2019 began with an unremarkable start. Not surprising given that the last two weeks in December saw a large drop in listings under contract (a drop of 18.5% compared with the first two weeks of December – and down 10% for the month compared to December 2017). To quote Michael Orr of the Cromford Report “In every respect, December was a weak month for demand, the weakest December we have seen since 2014 for sales … We have not seen listings under contract this low on January 1 since 2008. Clearly buyers are unenthusiastic about buying homes compared with just a few months ago.” In fact, for those who follow our market updates, we had reported that buyer demand first began wavering as early as July 2018. Rising interest rates combined with higher housing prices impacted affordability, putting a gentle damper on demand. But, before we all panic, there is counter balance on dropping demand. The valley is blessed with positive net migration (i.e. population growth) which is still exceeding the current supply. So the real question is what will win in the spring buyer season? Buyers diminished appetite or the inflow of new buyers? Stay tuned, we will have that answer for you in a month or two.
Now on to the other half of the equation, supply. The number of active and new listings coming to market – is equally unremarkable. In fact the dearth of active listings has been the saving grace in keeping the market in favor of sellers despite dropping demand. According to the Cromford Report’s numbers – supply is at about 2/3 of what is required for a balanced market. Juxtapose that to the demand index which at the moment is only 12% less demand than a balanced market. So the market remains still slightly in favor of sellers – even if weaker than 2019.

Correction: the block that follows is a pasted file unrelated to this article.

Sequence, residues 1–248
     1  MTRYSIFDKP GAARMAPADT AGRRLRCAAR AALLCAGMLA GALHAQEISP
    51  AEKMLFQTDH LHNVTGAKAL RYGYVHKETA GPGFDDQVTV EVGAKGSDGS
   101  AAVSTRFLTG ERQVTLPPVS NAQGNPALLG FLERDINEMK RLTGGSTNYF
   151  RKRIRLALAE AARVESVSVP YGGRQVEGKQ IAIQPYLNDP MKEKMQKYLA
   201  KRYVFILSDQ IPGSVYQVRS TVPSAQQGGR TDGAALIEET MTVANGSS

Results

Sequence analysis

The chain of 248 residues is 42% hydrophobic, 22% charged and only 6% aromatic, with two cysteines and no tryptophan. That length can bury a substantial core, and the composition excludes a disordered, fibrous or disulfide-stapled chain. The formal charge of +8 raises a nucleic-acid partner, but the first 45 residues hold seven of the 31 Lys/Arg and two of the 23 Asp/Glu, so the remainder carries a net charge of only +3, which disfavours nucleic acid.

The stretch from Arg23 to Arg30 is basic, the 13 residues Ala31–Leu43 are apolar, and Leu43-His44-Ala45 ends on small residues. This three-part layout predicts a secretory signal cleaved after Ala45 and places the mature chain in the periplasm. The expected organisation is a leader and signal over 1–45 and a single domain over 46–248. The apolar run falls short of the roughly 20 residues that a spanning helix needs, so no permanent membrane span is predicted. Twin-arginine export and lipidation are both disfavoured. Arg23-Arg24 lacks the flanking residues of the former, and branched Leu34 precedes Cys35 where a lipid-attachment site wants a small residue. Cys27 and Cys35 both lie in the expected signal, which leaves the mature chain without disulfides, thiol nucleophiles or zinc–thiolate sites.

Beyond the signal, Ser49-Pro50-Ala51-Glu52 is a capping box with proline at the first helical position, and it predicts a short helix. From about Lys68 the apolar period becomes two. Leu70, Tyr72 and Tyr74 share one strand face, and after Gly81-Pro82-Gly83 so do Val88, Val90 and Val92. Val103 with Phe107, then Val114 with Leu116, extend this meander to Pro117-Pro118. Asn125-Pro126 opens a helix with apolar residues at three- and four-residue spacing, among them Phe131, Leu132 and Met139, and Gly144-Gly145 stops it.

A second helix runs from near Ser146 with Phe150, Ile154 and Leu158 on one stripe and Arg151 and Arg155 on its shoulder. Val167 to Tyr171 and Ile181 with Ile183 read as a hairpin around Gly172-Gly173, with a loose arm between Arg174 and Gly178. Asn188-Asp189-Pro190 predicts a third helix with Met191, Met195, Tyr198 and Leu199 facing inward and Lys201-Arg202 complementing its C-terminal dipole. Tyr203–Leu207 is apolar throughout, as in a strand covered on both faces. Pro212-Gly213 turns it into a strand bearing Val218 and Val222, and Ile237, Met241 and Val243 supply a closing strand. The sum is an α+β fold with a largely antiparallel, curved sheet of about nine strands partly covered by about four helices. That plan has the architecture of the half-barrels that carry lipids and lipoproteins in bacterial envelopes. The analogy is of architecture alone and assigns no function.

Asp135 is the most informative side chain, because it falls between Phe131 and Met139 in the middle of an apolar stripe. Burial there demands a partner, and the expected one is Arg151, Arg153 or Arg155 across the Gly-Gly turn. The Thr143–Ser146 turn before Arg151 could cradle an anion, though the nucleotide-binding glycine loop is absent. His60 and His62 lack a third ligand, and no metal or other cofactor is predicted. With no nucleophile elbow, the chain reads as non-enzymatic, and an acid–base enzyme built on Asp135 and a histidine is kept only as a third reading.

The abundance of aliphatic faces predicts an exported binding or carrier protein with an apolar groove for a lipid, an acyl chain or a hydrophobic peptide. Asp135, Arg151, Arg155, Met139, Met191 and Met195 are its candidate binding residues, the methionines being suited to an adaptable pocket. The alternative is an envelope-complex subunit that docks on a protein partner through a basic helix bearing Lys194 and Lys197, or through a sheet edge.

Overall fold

Does a weaker seller’s market mean that prices are on the edge of dropping? No. In fact buyers waiting for that may have a bit of a wait. A balanced market (which again, we are not in yet, much less a buyer’s market) does not cause prices to drop but rather appreciation to slow down and keep more in line with inflation. Admittedly affordability has taken a bit of hit – but we still are remarkably affordable when compared to other large metro areas. The Cromford Report sums up the current market succinctly:
I have started to see a few writers claim that Phoenix is becoming a buyer’s market. I think this is a huge stretch. It is possible that we have forgotten what a buyer’s market really feels like. We have seen a noticeable downturn in demand but that alone does not constitute a buyer’s market.
In a buyer’s market, supply is higher than demand and currently we still have very low supply and little sign of a significant increase on the horizon. The weaker demand is still more than enough to match the current level of supply. Consequently sales prices still have upwards momentum, although this has eased a little since last spring.
I also hear talk of lower prices, but this talk is not referring to closed sales prices. It refers to the fact that many sellers are adjusting their expectations and bringing list prices more in line with market conditions. This is not resulting in closed prices going lower than last year, as we would expect in a true buyer’s market. In fact the average price per sq. ft. for listings under contract continues to hit new highs.
We have become used to a hot, growing market that strongly favors sellers and now that it is cooler, contracting in volume and moderately favoring sellers, we have a tendency to over-react and make more of the change than it really deserves. We have to stay calm and realistic and be guided by the numbers. These numbers look like a cooling off, not a downturn. We experienced a similar, though more severe, cooling off in 2013-2014, but the last significant downturn took place between late 2005 and 2009 and was followed by a 2 stage recovery from 2009 through 2013. There was also a mini-downturn in 2010-2011 which interrupted the recovery but had little lasting significance in hindsight…
Although the market is cooler and smaller than last year, it is not in any significant trouble.
What does this mean if you are a seller? In 2019 you likely need to be more realistic on pricing and you may need to offer more assistance to buyers in need of help with closing costs. If you are a buyer, you may have a bit more strength in negotiations than in years past – but don’t be fooled in to thinking that waiting will save you money.
As always, we are here to answer any questions about your particular housing concerns. We are happy to help.
Russell & Wendy (mostly Wendy)